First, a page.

Thus, in this typical non-essential industry 45 per cent. of the personnel are retained. That fact has to be assessed against the background that the industry may be required to do a certain amount of war work, and that there is a shortage of supplies. Having regard to these facts, I do not think there is any doubt that the total maximum production of the industry could quite easily be done by 20 per cent. of the original personnel, that is 2,400 out of the original 12,000. The final conclusion I come to is that, under optimum conditions, a further 25 per cent. of manpower could be diverted to war work. I believe that this figure of 25 per cent. is true not only of this industry but of the bulk of non-essential industries, and as there are many scores of them the total contribution that could be made to manpower is very substantial. The distributive trades employed more than 2,500,000 people before the war and there are also the small shopkeepers and I would remind the House of one very important fact in that connection, namely, that one person in the retail trade served on the average only six customers per week. In other words, each customer occupied about 18 hours per week of the time of a person engaged in the retail trade. I know that the figure is an astonishing one. If we add to the contribution from the non-essential trades the contribution that could be made from the distributive trades there is no doubt that there we have a formidable total of untapped man-power.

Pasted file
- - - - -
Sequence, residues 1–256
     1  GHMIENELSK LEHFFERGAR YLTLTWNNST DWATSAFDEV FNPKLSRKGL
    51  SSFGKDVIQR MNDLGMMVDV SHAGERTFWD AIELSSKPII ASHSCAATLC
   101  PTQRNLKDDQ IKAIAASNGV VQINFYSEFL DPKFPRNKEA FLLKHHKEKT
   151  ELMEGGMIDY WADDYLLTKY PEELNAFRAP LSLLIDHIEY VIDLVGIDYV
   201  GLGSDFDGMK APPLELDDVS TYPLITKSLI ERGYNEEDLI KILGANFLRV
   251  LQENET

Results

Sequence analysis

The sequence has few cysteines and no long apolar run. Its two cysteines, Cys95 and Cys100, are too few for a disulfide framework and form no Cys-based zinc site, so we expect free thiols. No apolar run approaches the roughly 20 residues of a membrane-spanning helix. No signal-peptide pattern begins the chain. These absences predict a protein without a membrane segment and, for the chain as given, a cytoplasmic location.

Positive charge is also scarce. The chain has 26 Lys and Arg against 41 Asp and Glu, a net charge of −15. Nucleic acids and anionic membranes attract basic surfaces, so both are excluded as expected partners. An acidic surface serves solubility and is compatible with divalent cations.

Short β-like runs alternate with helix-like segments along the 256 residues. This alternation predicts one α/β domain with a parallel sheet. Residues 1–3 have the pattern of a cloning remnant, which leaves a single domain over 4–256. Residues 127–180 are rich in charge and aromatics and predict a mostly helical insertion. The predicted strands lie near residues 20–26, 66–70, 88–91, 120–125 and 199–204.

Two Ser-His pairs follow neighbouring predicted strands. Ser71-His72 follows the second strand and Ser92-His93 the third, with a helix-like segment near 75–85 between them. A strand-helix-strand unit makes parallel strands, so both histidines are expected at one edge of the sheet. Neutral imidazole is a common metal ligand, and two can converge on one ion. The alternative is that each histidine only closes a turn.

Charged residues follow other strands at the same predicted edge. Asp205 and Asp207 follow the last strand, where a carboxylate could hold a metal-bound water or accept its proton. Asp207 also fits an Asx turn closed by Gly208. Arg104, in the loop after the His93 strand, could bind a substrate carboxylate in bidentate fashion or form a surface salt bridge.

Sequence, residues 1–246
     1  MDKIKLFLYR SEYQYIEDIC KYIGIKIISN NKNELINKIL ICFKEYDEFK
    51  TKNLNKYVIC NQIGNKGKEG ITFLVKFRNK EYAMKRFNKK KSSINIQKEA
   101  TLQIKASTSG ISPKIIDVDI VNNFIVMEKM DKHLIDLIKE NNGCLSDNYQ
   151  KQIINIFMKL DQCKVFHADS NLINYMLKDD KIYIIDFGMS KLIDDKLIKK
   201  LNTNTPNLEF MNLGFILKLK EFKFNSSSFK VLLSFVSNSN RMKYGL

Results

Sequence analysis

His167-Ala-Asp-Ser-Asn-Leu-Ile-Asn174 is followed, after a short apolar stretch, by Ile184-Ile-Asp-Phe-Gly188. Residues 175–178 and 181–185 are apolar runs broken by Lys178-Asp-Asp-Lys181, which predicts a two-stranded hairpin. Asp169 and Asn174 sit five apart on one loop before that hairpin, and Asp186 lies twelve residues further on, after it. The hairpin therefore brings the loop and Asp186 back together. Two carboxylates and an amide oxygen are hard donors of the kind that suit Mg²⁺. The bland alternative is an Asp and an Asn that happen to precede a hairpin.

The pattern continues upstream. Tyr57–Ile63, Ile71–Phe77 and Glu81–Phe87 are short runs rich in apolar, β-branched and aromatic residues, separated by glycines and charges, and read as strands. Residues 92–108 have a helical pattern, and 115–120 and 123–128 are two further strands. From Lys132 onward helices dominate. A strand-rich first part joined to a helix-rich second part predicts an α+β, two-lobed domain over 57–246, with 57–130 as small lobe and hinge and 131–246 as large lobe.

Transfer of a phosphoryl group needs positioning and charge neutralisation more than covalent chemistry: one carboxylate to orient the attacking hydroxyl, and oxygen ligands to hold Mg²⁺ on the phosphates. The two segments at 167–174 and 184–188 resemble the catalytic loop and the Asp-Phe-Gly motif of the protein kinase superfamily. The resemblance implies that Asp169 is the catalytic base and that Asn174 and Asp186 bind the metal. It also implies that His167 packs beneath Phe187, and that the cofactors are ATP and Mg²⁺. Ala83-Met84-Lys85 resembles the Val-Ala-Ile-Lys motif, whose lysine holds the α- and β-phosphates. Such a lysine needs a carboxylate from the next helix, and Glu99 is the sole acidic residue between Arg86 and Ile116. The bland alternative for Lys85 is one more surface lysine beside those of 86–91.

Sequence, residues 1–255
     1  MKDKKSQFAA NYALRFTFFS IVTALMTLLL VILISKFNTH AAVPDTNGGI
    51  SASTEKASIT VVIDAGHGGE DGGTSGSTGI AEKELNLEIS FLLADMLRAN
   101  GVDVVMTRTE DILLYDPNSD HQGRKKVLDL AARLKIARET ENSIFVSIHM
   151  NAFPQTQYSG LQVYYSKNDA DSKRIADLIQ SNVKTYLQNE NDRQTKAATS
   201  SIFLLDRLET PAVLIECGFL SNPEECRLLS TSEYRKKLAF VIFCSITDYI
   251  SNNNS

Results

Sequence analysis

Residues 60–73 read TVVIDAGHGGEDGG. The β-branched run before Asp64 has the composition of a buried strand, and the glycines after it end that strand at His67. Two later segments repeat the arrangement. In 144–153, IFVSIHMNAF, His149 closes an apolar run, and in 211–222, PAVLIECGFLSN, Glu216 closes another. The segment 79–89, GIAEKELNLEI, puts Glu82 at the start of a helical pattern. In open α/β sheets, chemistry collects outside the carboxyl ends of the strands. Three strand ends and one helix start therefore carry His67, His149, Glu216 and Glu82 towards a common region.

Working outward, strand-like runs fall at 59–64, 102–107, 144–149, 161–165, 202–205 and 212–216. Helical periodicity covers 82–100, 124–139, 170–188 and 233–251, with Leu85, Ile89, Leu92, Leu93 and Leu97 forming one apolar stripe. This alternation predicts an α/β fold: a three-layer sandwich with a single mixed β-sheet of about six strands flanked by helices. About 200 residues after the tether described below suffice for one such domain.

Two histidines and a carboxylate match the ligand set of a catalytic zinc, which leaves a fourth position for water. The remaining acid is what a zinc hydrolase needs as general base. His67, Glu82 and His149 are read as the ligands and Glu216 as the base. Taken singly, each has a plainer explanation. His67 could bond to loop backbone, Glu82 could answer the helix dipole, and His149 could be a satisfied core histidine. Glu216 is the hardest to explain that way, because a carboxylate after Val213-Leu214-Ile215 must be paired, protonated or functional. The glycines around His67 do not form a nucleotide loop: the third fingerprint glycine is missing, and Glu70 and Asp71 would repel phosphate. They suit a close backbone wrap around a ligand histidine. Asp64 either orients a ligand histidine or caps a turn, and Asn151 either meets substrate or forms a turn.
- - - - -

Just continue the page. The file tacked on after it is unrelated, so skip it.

I have indicated the problem and have endeavoured to give some idea of its magnitude. What about its solution? I believe that the problem will defy solution unless the Government alter their policy of no coercion and no compensation. It can be demonstrated over and over again that the retention of these small businesses is a burden on our war effort. If we close down a small man's business without compensation, it is clearly a gross injustice. It follows that there should be compensation. There can be no question, in my opinion, of providing compensation in cash during the war, but we ought not to rule out the provision of purchasing power after the war. Further, the trades themselves should be encouraged to put up their own compensation schemes. The ideal arrangement would be one under which every one of the small businesses closed down should have a share in the prosperity of the industry as a whole, and that share should be associated with some after-the-war payment which would provide for the rehabilitation of those businesses. If there were some such plan, there would be no holding back by the little man and there would be no political necessity to give the pledge of no compulsion. The must successful example I know of an industry which has provided a large amount of man-power is the cotton industry. More than 40 per cent. of that industry is closed down. Why has that scheme been so successful? First, because there was compulsion, and, secondly, because there was compensation. I feel that we shall not attain the full use of our man-power unless our present policy is altered and the principles of compulsion and compensation are applied to all the non-essential trades.